Diamond Wilson is an incredibly hard-working mother of five 5 young children. “I love being a mom! When I’m in sad situations, they [my children] help me. To see their little faces is a blessing.”
Diamond had grown up with unstable housing. “During my childhood, we were in and out of transitional housing, shelters, the whole list. I didn’t know I could do better, and when I grew up, I had the mindset that I could always move. We didn’t have anywhere to go, and I didn’t see light at the end of the tunnel.”
The complexities of unstable housing affect many major areas of life, and many people face common, yet difficult barriers to gain stability in their lives. Common barriers like having limited access to transportation, finding reliable childcare to gain or retain consistent employment, and managing upfront costs to access housing, such as needing first and last month’s rent. These obstacles made Diamond feel overwhelmed and worried. “I ended up going to Virginia Williams Center and expressed that I had nowhere to go. They sent me to a counselor at Community of Hope and I was put in the shelter at 6th Street (The Triumph). Our case manager was working towards finding us an apartment and explained step by step the goals we needed to set in place.”
The Triumph is the Ward 8 Short-Term Housing Site, part of Mayor Bowser’s plan to have safe, dignified housing for families in every DC ward and is one of three temporary housing sites Community of Hope provides. This program is designed to bridge families with necessary and useful resources to gain more permanent housing and employment with the help of a case manager and team.
Diamond’s circumstances were still incredibly challenging. Working towards goals such as improving credit, finding a home she could afford, and getting stable employment still felt out of reach. However, she was committed to providing a different life for her children. “When we moved, my kids thought, ‘we are moving again.’ It definitely affected them because they didn’t know that we shouldn’t have to move again. This time I said enough is enough.”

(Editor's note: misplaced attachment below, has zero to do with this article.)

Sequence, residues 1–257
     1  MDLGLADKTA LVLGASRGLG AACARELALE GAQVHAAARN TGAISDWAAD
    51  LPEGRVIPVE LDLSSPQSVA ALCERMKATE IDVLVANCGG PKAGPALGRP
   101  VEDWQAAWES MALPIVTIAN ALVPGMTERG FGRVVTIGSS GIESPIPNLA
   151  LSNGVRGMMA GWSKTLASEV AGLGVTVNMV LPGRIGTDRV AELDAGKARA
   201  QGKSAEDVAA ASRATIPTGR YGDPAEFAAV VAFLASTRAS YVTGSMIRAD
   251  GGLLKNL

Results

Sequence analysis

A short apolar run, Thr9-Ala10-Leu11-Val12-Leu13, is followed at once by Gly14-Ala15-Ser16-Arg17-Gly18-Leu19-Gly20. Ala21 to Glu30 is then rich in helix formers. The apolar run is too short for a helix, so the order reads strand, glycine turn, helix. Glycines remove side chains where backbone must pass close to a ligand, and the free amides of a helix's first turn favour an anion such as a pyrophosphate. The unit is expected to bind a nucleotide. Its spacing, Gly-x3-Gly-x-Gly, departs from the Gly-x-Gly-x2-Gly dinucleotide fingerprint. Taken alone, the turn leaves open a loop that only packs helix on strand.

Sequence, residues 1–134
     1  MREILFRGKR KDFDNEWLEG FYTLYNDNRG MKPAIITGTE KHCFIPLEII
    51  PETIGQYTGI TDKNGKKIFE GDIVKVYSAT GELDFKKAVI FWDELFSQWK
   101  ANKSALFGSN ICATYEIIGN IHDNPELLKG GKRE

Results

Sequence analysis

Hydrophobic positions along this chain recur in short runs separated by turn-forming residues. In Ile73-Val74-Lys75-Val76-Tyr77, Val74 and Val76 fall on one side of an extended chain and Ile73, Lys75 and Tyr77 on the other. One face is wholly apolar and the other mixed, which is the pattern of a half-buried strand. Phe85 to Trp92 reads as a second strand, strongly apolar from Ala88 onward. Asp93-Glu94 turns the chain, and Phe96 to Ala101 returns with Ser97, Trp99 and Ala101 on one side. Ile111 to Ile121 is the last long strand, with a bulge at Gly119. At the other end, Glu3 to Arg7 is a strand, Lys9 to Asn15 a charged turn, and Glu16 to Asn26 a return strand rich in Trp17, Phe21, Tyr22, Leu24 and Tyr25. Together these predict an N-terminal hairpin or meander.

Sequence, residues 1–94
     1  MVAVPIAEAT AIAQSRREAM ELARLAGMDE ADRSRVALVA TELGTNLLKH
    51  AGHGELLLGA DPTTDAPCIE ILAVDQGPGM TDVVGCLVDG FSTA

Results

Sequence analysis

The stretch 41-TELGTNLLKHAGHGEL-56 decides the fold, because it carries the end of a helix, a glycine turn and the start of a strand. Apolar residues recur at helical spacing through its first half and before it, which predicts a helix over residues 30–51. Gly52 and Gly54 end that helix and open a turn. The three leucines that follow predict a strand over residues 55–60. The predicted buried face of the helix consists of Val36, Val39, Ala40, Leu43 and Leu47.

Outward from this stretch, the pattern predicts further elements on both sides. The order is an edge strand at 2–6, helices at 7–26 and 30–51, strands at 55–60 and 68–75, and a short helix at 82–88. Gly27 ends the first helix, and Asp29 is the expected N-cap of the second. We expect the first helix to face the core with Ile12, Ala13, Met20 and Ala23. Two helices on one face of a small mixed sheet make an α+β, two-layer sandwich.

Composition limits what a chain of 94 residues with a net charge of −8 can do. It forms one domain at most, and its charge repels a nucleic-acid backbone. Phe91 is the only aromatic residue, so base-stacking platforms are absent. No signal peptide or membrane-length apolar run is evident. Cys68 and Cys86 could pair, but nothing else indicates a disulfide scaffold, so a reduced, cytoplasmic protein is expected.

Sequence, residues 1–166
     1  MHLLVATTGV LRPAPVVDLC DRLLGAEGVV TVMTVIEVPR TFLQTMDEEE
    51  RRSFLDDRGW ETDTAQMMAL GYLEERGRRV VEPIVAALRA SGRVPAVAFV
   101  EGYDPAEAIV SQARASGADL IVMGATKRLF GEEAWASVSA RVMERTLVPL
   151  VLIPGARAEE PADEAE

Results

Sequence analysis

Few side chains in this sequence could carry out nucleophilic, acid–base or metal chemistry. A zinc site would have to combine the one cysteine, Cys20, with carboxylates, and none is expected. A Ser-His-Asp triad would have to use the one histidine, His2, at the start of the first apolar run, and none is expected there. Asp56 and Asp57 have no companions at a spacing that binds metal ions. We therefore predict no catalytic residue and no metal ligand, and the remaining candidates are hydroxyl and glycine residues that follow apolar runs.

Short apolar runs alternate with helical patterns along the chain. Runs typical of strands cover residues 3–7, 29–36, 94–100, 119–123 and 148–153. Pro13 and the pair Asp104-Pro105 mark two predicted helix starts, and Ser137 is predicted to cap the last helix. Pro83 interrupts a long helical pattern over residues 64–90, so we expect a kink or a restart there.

After being at The Triumph for two months, Diamond got her own apartment. “First thing I remember doing at my apartment was moving my stuff in and cooking a meal for me and my family. It was a big sigh of relief. At that time, I had to remind myself it doesn’t stop here. You have to keep pushing. On that third day of living there, it was time to find jobs.” She moved out of the Triumph with help from Community of Hope’s Rapid Re-Housing program which supports families by providing short term rental and utility assistance, giving people time to find stable employment without having to worry about how the bills are going to be paid. We know that with a few months of assistance, people can become stably housed for years to come.
Working with her dedicated Community of Hope case manager and employment specialist, Diamond began to look for work. “My goal was to apply for 20 jobs a day. I was exceeding 20 a day because I was so stressed out wondering what bills I could pay. My employee specialist helped me fix my resume. And then after, that he would send me tons of employers hiring and I would sit in my house and just apply.”
The COVID-19 pandemic made this process even more difficult. “It was horrible. It changed a lot for us as far as jobs, set me back with school and daycare. The kids doing virtual learning – it's tough because I still have to work and be a teacher.” Diamond was offered more than one job which helped her feel confident and provided her some options. Once she was employed, she continued to work with her case manager to develop a plan to gain and maintain stability long term.
Diamond’s resilience and dedication proved successful. She is currently working full-time as a Special Police Officer after becoming licensed in August 2020. She feels confident there is room to grow in the field and is excited about her future. That, however, is not where Diamond’s future passions lie. She is inspired and driven to be able to provide support and hope for others the way that Community of Hope has provided hope and supported for her.
“Anything I needed they were there. It didn’t matter what. If they didn’t have it, they would find me a resource to get it. I want to start my own shelter program one day. I want to be a resource for other families dealing with homelessness. I’ve lived it for the majority of my life. One wrong move, or one missed payment, you’re out. There are people who have children sleeping in cars. I was blessed to be put into a shelter and other programs at Community of Hope. We want to help because we know how it feels.”